A while back, an actual astronaut came to my office. He was training here, and must have seen a couple of columns about the soil food web and decided to come in and discuss how to germinate a seed and grow a plant … in space. One problem he faced was that he wasn’t going to be able to bring soil on his trip. We came up with the idea of using diapers as the germinating and then growing medium.
Now, make no bones about it. I am a soil guy and have a trilogy of soil books under my belt as proof. Still, I am always interested in the different things people use instead of soil to germinate seeds or root things. Given the COVID-19 state of things this winter, it might be fun to try them. I am pretty sure NASA hasn’t.
The old standby, of course, is using eggshells to grow plants, though it doesn’t solve the soil problem. This is because people believe egg shells contain some of the essential nutrients necessary for plants to grow. They do: calcium 34%, magnesium 0.3%, phosphorus 0.04% and potassium 0.03%, as well organic matter at 5%. However, if you shift through your compost pile, you will notice that everything has converted to soil except the egg shells. The nutrients in egg shells are locked up until the shell decays. If it were otherwise, we would eat the shells, too. Egg shells make a suitable container for a seed, but not much else.
One of the weirdest things I have seen people use are whole bananas, not that NASA would let one on board. Sometimes it is as a germinating medium. You can stick a large seed, like a marigold, and germinate it. It is not a foolproof method. Better to use a banana peel to grow stag horn ferns. Put behind one, the decaying peel provides nutrients. Bananas work best, however, for rooting cuttings (in particular roses and citrus fruits). The cut ends of cuttings are put into a whole banana, and then the banana is half buried in soil. It takes three or four weeks for roots to develop, which they will because the potassium in the peel is great for root development (necessary, actually). There is not very much nitrogen in a banana peel and lots of potassium. This is actually good for germinating and rooting as nitrogen would promote green growth over root growth.
The same is true of potatoes. Remember your mother telling you to eat their skins because they contain all the nutrients? They are actually chock full of potassium, and this is why they, too, make great cutting media. Stick in a stem and roots grow. Perhaps dehydrated potatoes and bananas would make great soil amendments? I am going to try cut and dried banana peels, too.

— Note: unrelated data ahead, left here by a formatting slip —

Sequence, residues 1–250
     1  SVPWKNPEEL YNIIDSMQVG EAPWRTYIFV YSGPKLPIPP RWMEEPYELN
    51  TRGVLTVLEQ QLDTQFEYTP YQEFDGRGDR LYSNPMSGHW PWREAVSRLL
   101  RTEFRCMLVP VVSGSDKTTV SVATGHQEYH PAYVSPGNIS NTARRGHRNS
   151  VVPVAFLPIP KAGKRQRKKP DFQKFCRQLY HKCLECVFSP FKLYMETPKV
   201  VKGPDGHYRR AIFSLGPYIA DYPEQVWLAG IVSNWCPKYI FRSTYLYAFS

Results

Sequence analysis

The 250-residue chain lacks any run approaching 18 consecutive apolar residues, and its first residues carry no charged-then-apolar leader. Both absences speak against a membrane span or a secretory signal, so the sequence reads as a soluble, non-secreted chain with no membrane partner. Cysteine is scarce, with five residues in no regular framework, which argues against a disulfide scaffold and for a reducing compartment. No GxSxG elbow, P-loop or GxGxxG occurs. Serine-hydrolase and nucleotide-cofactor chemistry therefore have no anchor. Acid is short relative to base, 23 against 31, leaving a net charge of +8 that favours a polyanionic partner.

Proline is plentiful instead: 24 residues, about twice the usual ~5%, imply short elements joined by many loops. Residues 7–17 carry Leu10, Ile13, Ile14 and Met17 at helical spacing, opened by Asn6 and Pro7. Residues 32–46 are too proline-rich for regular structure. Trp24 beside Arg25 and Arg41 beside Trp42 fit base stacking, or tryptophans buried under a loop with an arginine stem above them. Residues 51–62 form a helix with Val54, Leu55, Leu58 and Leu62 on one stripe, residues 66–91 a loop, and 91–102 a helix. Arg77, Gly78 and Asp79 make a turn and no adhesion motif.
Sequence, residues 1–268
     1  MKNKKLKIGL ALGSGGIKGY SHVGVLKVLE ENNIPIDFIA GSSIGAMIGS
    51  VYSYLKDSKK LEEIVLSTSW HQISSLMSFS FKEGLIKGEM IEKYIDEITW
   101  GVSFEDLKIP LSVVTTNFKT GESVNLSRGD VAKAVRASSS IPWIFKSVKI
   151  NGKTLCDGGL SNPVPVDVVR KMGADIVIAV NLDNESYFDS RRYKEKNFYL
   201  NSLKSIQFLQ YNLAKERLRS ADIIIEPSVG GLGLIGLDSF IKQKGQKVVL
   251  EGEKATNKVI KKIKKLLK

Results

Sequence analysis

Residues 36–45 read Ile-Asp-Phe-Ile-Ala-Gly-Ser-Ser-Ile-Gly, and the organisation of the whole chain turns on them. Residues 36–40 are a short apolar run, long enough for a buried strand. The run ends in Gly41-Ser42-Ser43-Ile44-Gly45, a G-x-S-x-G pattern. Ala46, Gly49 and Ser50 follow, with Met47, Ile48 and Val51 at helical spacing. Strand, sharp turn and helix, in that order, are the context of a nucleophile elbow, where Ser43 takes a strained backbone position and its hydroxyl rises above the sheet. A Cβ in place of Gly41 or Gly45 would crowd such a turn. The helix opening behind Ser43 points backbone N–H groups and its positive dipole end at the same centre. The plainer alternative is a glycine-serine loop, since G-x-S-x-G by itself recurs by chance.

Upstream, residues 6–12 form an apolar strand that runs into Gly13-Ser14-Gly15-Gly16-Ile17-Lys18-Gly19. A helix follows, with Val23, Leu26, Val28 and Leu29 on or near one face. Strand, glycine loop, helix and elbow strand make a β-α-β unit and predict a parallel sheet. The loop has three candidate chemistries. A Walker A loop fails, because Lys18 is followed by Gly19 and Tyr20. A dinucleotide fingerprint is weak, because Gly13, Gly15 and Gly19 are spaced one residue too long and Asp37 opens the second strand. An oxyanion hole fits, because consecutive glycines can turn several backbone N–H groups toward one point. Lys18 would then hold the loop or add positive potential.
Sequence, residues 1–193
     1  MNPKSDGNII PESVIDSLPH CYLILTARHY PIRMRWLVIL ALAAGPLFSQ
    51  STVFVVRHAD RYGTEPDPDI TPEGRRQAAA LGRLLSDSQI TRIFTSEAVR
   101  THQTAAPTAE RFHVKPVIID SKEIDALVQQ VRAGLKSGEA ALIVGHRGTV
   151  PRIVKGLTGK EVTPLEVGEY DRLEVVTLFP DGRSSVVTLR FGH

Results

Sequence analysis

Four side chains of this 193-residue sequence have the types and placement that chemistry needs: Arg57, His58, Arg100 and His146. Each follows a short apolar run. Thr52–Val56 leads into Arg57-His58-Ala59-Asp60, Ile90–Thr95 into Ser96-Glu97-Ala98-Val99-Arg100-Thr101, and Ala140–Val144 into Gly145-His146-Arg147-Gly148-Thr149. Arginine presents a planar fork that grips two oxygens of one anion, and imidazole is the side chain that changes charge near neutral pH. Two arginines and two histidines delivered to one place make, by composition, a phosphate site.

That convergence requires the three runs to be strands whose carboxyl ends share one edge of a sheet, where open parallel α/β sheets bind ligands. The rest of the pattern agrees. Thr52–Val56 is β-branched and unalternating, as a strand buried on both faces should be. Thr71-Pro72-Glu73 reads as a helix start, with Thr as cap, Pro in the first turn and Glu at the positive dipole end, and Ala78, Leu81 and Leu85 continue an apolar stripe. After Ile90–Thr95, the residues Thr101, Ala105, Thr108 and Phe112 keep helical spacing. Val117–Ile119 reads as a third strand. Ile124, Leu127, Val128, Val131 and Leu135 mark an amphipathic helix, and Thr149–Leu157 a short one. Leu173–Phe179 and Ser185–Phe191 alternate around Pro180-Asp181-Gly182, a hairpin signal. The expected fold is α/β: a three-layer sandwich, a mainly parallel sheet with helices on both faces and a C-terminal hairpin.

On to tomatoes. Ever opened the fridge and see one with seedlings growing out of it? This is called Vivipary. This happens with pears, apples, lemons, papaya, avocado, strawberry (very weird, as each seed germinates into a different plant) and even peaches, with those tough pits! There is enough moisture in these fruits to support germination, but they have to mature enough so the chemicals that actually prevent germination are broken up and are no longer effective. The problem is, you have to get the germinated seedlings to soil or they will die.
While no doubt tomato, potato and bananas, even egg shells would have helped my astronaut somewhat, his diaper was a better choice, because weight is the ultimate consideration when it comes to space. Fortunately, we don’t have restrictions here on Earth, where it is clear that seeds germinate just fine in soil. Still, it is the Time of the Covid, and it might be fun to grow, say, a papaya, with an easy, no-fuss, no-soil way to germinate the seeds.
Jeff’s Alaska garden calendar for the week
Alaska Botanical Garden: All Alaskan businesses need support and The Garden is not an exception. Please join now. Membership makes a great holiday gift, too. Due to the changing nature of things, check alaskabg.org for information on events and hours and classes, some of which are online.
Hoar frost: This stuff can get heavy and damage limbs. Knock it off. Really.
Bird feeding: Bear tracks seen in Oceanview. Just saying, be aware.